Neandertal mother, Denisovan father!
Up until 40,000 years ago, at least two groups of hominins inhabited Eurasia -- Neandertals in the west and Denisovans in the east. Now, researchers at the Max Planck Institute for Evolutionary Anthropology in Leipzig, Germany have sequenced the genome of an ancient hominin individual from Siberia, and discovered that she had a Neandertal mother and a Denisovan father. (Max Planck Institute)
Ice on the moon: reflections reveal frozen water at the lunar poles
In the darkest and coldest parts of its polar regions, a team of scientists has directly observed definitive evidence of water ice on the Moon's surface. Learning more about this ice, how it got there and how it interacts with the larger lunar environment will be a key focus for future NASA missions, if and when we return to the Moon. (Cosmos)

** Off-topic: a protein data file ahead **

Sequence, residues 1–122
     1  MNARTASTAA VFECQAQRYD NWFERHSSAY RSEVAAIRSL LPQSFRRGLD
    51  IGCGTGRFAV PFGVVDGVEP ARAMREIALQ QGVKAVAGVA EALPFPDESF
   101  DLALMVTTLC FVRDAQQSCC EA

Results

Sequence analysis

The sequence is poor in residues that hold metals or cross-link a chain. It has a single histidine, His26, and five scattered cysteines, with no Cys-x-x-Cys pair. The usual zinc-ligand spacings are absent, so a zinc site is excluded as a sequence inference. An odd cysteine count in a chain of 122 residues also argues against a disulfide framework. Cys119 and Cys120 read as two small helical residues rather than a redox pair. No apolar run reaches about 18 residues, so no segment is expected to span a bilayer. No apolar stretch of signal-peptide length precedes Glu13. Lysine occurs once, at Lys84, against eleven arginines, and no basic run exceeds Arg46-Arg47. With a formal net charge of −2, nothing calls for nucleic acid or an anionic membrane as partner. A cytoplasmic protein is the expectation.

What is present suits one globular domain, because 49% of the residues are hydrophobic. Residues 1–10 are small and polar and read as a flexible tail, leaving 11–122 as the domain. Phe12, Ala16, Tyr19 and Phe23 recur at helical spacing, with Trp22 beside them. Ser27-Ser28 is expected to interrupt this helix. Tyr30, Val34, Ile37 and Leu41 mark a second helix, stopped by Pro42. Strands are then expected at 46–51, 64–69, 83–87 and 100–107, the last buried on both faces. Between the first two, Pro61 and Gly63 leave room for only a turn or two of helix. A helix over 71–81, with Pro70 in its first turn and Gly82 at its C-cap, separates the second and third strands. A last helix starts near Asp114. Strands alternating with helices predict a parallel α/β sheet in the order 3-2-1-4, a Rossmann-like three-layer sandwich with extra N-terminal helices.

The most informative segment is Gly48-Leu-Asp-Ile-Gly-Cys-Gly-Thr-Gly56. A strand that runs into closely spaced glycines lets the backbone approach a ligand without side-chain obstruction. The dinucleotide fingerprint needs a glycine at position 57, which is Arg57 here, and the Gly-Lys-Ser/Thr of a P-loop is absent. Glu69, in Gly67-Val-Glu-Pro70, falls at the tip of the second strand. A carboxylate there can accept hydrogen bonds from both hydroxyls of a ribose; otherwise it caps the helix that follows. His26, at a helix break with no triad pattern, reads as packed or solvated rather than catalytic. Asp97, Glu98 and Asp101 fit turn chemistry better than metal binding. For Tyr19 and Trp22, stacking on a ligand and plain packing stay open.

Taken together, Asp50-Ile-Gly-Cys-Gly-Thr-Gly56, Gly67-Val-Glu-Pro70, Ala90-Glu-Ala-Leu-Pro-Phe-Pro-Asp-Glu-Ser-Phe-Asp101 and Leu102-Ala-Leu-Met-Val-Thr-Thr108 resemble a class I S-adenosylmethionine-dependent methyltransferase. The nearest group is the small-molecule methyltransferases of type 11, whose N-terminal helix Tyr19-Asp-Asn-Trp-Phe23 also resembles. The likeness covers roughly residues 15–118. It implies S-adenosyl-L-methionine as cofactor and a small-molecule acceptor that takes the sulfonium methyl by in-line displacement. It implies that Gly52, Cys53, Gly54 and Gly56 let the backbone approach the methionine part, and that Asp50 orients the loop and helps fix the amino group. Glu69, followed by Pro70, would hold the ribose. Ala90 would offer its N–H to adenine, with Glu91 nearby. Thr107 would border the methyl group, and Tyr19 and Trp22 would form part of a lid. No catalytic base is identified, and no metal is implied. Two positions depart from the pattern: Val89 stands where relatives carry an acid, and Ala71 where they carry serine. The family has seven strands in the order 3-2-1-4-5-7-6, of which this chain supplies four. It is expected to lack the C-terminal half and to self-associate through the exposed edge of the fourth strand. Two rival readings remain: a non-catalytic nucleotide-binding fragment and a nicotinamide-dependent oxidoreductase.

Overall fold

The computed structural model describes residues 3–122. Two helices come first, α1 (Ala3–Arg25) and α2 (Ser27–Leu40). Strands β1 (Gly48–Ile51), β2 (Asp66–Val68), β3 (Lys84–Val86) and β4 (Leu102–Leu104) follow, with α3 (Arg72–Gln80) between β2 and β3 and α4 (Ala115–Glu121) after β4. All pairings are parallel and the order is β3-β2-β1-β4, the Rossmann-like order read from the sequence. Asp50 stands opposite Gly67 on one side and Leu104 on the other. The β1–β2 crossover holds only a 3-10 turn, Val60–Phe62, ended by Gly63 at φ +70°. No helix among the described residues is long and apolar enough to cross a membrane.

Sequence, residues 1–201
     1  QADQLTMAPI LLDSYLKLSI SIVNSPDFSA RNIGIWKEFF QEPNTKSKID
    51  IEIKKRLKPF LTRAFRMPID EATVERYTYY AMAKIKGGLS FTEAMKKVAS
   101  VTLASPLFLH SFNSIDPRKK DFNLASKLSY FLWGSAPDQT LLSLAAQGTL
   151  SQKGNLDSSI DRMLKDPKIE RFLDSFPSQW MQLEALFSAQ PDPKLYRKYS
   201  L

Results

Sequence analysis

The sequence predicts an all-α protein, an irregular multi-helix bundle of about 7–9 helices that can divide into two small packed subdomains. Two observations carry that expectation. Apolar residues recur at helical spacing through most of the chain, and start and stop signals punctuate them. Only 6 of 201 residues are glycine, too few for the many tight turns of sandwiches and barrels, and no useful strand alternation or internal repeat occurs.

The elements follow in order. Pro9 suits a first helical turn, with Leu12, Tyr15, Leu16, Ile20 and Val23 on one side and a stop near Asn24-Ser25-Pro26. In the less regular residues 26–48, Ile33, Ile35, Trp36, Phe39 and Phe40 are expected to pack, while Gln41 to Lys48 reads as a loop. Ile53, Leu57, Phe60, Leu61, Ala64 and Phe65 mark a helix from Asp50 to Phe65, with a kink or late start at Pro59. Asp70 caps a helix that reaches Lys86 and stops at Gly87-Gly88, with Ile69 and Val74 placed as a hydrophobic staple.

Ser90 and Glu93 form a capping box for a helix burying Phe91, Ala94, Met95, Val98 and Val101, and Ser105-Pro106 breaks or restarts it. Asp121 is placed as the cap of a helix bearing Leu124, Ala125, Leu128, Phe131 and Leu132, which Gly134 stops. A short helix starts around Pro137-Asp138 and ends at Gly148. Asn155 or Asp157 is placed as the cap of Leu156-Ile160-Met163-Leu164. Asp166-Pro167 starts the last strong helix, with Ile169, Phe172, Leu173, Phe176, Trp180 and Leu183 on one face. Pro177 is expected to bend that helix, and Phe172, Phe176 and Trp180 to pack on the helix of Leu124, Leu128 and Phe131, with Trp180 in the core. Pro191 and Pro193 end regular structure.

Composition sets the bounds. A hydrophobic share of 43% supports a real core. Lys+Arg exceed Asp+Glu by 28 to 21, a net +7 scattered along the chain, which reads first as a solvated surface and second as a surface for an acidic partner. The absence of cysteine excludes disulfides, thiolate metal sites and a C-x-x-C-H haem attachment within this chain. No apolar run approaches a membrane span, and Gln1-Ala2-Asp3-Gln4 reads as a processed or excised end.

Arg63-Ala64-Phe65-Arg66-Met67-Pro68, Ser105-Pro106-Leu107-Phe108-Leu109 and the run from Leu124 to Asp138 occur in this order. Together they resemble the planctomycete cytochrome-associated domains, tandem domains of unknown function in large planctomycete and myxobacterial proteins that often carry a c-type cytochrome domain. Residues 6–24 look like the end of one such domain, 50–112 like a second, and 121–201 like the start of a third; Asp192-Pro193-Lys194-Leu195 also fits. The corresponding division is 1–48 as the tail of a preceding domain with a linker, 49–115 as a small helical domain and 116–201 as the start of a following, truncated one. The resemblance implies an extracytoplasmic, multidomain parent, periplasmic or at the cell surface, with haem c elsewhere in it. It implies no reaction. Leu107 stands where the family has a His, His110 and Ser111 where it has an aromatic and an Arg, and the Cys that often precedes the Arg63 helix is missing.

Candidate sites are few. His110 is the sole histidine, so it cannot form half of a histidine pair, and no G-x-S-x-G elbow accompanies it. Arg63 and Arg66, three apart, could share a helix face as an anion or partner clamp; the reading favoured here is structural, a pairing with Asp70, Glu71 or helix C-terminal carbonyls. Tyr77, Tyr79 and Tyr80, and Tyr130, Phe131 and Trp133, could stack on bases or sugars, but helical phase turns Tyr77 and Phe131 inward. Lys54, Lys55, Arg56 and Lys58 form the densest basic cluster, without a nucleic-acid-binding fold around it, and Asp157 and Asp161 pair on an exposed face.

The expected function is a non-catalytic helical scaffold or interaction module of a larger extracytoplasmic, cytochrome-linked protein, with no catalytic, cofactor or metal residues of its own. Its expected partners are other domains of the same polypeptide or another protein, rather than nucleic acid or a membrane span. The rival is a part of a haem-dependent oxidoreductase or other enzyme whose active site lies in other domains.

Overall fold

What was lost in Brazil's devastating museum fire
Two hundred years of work -- and millions of priceless specimens ranging from one of the oldest relatives of today's scorpions to an irreplaceable collection of pterosaurs -- were destroyed in a fire at Brazil's National Museum in Rio on Sunday evening. The 11,600-pound Bendegó meteorite did survive the blaze. (The Atlantic)
A CRISPR cure for Duchenne muscular dystrophy is closer after a trial in dogs
Dogs suffering from muscular dystrophy are having their genomes edited with CRISPR, a tool for modifying genes, and the results are "mind-blowing." Researchers from Texas this week unveiled data showing how CRISPR could reverse the molecular defect responsible for Duchenne muscular dystrophy, a devastating illness that affects about one in 5,000 boys. If the treatment can stop muscular dystrophy in dogs, that would set the stage for giving the experimental treatment to boys, according to the research team. (MIT Technology Review)